Is Intervention Suggestion for Real?

Yesterday's Financial Times carried an op-ed type of piece that acknowledged there was no alternative now to the dollar as the main reserve currency and numeraire. While this is consistent with our own analysis, we take exception at the idea that "the chances for coordinated intervention among developed economies to support the dollar are higher now than any time in the past 10 years." We see no evidence for such a claim. Intervention is best conceptualized as an escalation ladder. Coordinated intervention is near the top. The major developed countries have barely stepped on to the ladder at all.

We have seen several major countries express concern about their currencies strength as the impact on their economic recoveries. Yet since officials made such comments their currencies, like the Canadian dollar and euro, have pulled back.

The issue is not the dollar's weakness. Over the past year, the euro has fallen 11.2% against the dollar. The Canadian dollar is 12.3% weaker. The British pound is 18.2% lower.

To the (limited) extent that intervention is truly being contemplated, it is not to stop the dollar from falling, it is more a case that some countries want a weaker currency for domestic purposes. With key rates near-zero and traditional monetary policy tools largely exhausted, exchange rates are an even more important transmission mechanism.

The kind of intervention the FT op-ed piece spoke of would be coordinated intervention to support the dollar, perhaps like the coordinated intervention to support the euro back in 2000. However, like the kind of intervention often seen or rumored in Asia, where countries intervene on the individual bilateral exchange rates, since the particular problem is not really dollar weakness, than the intervention operation might not be focused on dollar-euro, but diluted by various bilateral operations.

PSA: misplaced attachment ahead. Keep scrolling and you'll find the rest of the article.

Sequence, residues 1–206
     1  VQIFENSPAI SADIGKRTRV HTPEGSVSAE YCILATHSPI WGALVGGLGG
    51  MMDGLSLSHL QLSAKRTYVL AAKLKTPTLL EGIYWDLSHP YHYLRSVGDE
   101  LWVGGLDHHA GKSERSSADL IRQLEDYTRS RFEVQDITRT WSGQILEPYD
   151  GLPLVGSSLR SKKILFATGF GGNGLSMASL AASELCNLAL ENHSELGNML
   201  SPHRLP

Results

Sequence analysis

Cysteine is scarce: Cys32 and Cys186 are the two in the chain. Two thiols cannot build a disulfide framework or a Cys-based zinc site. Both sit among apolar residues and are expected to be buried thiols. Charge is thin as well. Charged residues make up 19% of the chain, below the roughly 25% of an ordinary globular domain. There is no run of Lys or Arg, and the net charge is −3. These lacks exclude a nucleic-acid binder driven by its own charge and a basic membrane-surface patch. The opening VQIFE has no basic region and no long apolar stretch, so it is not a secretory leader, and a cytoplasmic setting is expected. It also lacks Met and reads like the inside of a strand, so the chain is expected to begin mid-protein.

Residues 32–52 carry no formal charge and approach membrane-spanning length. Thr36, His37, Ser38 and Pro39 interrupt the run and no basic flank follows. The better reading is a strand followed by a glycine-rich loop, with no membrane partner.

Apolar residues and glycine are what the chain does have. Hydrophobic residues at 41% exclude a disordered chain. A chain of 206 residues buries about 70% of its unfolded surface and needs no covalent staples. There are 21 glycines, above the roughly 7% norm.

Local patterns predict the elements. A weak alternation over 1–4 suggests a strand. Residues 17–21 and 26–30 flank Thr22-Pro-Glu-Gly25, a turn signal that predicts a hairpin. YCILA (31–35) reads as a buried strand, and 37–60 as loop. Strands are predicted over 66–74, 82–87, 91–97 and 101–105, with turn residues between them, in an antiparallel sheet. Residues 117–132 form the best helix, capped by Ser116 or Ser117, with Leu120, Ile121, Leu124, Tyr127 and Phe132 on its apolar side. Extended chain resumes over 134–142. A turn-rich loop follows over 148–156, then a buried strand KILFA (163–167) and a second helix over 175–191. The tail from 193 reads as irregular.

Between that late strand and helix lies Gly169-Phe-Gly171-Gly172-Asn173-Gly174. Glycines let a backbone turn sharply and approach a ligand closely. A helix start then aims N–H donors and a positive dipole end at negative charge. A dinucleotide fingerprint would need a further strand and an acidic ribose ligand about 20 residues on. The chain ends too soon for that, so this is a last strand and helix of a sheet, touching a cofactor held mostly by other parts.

The experience of the Swiss National Bank over the past few months seems to largely recapitulate the Japanese experience from earlier this decade. Unilateral intervention in the foreign exchange market not backed up by other policy adjustments does not have a high probability of success.

The G8 are likely to reiterate the need to avoid protectionism, even though many countries have enacted such measures. At the same time, the foreign exchange market is unlikely to get much more than a passing reference. Protectionism can take many forms and beggar-thy-neighbor currency policies are among them. The U.S. stands out as one of the few countries that have not expressed concern about the strength of its currency and yet some, like the author of the op-ed piece still suggest the weakness of the dollar is very salient problem.

Of all the challenges policy makers and investors face, the so-called dollar weakness does not seem a particularly pressing one.
Is Intervention Suggestion for Real? Is Intervention Suggestion for Real? Reviewed by magonomics on July 08, 2009 Rating: 5
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